Market lining is a risk management tool. It is a way to straddle the financial fence and have one foot in bonds and one foot in equities.
A market linked account is an interest bearing account with an equity ‘kicker’. The principal is never at risk. The account principal earns interest, but instead of paying that interest directly to the account owner, some or all of the interest is used to purchase an equity hedge (e.g. stock call option). A hedge is what businesses use to protect themselves from unexpected swings in financial and commodity markets. When the market rises the profits from the hedge are added to your account as additional interest. If the market declines, the interest spent on the hedge portion of your interest is lost. However, your principal is never in the market and never subject to market loss.
Market linked accounts can be found with a wide variety of structures and features, but all have the same dual nature. There are several other types of financial instruments that have twin personalities. Convertible bonds have a similar equity participation feature, as do warrants issued with preferred stocks or corporate bonds. However, both of these instruments carry market risk, because the underlying securities can decline in value. Market linked accounts have no market risk. The issuing institution guarantees the principal. Some of these guarantees come from giant insurance companies, others from banks. Like traditional CDs, bank issued market linked CDs are insured by the FDIC.
We all know that markets, especially the stock market, go up and down periodically and some of those ups and downs are substantial. The expectation in a market linked account is that over an extended period of time the market upswings will generate more than enough profit to offset the years that the account pays no interest or only a minimum interest guarantee. This is the same theory that stock investors use. Since they know the market will have declines, they assume that the market upswings will compensate them for the periods of substantial market loss. A market linked account will never make as much as stock account in a straight-up rip roaring bull market, because of the cost of the hedge. However, the market linked account will never show a loss. In a market linked account, one is trading some of the profit from the market up swings for total protection from all market losses.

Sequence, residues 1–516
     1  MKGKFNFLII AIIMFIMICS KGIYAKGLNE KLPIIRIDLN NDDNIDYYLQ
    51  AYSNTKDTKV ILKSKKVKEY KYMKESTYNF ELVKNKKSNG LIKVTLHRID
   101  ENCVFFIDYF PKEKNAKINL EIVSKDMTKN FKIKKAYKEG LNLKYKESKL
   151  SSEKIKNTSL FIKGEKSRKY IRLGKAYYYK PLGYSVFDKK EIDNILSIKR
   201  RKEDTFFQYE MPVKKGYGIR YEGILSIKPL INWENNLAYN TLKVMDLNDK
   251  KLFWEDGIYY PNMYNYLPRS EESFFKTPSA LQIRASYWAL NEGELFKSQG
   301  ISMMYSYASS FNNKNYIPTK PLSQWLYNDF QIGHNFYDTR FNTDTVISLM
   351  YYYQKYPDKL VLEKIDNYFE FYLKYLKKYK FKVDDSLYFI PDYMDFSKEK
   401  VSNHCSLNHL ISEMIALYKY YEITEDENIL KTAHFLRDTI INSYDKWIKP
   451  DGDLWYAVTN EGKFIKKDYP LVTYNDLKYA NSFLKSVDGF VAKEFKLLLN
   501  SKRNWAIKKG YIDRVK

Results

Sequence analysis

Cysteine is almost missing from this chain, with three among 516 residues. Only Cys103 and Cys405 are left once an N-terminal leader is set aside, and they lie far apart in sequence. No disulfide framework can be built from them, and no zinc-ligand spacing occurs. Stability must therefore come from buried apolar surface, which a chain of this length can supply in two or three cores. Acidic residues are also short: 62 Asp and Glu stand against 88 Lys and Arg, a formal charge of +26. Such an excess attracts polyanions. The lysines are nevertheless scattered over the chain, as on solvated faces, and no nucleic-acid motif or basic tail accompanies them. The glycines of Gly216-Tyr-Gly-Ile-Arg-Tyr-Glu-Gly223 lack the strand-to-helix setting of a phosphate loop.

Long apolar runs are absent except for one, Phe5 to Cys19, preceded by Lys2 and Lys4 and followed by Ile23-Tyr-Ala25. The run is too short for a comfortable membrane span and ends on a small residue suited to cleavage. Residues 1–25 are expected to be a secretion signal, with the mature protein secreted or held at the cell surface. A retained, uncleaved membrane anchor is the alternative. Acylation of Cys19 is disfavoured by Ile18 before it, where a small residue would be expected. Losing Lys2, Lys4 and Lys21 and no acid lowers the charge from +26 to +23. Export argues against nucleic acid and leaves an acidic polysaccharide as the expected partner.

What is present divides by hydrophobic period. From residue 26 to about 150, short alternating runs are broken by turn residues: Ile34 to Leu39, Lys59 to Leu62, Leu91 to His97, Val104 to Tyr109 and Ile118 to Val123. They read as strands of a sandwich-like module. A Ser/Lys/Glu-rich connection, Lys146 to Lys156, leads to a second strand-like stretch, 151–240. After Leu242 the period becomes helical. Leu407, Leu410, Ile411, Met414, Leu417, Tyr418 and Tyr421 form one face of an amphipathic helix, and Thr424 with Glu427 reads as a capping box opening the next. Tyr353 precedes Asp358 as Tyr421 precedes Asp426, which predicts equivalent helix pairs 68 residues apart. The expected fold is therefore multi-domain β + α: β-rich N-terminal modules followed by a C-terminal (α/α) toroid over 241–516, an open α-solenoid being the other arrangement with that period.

This site is dedicated to informing consumers about market linking products and financial strategies that help you grow your assets without the risk of a stock market loss. Our mission is to provide meaningful information that you can use to make prudent choices when allocating your capital and building your wealth. We will only cover market linked accounts issued by banks and insurance companies. We dub these ‘institutionally issued market linked accounts’ and they include: CD’s, annuities and certain cash value life insurance policies.
There are a also number of market linked accounts issued by brokerage houses and investment management firms. These take the form of structured notes and the account principal is backed by the issuing entity. The methods used to tie these vehicles to market performance varies greatly from account to account and is beyond the scope of this site. It is our practice not to comment on these kinds of quasi-securities.
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